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Simulated dynein sequestration by the microtubule spindle.

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posted on 2012-04-19, 00:24 authored by Jing Chen, Jennifer Lippincott-Schwartz, Jian Liu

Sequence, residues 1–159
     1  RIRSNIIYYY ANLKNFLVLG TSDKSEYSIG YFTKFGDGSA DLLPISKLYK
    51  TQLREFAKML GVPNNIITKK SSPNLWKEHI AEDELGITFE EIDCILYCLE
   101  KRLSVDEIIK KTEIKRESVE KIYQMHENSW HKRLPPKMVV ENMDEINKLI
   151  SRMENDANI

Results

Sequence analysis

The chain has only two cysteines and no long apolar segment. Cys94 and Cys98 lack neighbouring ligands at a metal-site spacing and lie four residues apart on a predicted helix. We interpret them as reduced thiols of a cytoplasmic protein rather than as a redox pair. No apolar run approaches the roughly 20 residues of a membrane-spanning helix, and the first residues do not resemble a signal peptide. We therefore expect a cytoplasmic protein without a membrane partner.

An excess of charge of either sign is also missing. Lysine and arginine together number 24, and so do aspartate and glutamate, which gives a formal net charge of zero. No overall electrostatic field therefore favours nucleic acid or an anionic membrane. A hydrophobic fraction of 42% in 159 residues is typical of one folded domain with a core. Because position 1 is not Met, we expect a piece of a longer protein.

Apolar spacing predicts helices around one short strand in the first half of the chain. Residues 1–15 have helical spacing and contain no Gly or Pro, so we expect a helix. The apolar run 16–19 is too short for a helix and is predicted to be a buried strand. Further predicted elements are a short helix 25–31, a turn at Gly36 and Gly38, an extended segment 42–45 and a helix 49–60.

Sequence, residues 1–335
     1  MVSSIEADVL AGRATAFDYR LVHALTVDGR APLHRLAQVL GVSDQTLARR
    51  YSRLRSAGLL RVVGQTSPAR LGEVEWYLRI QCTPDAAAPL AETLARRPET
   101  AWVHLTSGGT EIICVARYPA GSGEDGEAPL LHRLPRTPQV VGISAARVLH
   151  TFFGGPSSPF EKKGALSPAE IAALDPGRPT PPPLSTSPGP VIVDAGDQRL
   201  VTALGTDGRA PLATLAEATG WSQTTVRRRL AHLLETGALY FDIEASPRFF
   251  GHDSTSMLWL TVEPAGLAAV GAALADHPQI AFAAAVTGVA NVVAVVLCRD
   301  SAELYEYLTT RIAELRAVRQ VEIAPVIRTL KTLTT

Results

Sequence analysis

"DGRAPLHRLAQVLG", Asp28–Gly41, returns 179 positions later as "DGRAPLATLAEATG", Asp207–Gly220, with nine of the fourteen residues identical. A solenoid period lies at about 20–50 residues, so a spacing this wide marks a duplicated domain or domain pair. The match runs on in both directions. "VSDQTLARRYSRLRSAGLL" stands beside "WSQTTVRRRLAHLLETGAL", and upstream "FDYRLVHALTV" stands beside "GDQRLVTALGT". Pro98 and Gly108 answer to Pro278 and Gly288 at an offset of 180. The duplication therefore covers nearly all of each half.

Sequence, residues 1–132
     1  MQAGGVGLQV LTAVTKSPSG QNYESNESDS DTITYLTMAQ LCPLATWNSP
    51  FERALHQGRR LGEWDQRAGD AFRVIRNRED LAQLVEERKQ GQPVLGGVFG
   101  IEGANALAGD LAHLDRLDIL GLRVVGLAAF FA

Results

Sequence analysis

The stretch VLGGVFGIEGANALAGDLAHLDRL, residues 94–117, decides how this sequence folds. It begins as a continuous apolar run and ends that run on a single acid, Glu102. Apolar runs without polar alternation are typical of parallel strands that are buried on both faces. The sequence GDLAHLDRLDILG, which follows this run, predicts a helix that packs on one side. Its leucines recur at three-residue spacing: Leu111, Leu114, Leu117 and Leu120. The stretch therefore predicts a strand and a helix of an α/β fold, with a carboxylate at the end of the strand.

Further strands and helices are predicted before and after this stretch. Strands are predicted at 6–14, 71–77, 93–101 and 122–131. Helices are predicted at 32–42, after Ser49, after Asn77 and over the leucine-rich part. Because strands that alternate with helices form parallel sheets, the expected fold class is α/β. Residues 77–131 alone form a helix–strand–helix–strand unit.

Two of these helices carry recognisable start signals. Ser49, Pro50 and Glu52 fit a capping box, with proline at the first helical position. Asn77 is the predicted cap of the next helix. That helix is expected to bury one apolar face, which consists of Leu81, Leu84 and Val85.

(A) Time series of dynein distribution (also see Movie S1). Dyneins are initially randomly distributed throughout the cytoplasm. Dark grey lines: microtubules (only 1 out of 10 are shown to reduce clutter); blue dots: dyneins bound to microtubules; red dots: dyneins freely diffusing in the cytoplasm. Dyneins become strongly concentrated around the spindle poles within 20 s. (B) Histogram (right) of the equilibrium distribution of dyneins. More than 50% dyneins are concentrated within 200 nm around the spindle pole, and 98% within 1 µm. (C) Dyneins are initially released from one end of the cell, close to one spindle pole (big red dot) (also see Movie S2). Legends are same as in (A). Dyneins become strongly concentrated around the proximal spindle pole within 10 s, but almost none on the opposite spindle pole. Over the simulated duration of 3000 s, only 0.3% dyneins turn over to the opposite pole. Assume that the turnover is a Poisson process, then prob(wait timet/τ), where τ is the characteristic turnover time, or the reciprocal of the turnover rate. Plugging in prob = 0.003 and t = 3000 s gives τ = 105 s. Both simulations in (A) and (C) are carried out with 1000 non-interacting dyneins and each half-spindle consisting of 800 spindle microtubules and 800 astral microtubules. The dyneins are expelled from the spindle pole immediately as they arrive, i.e. the spindle poles are reflecting boundaries.


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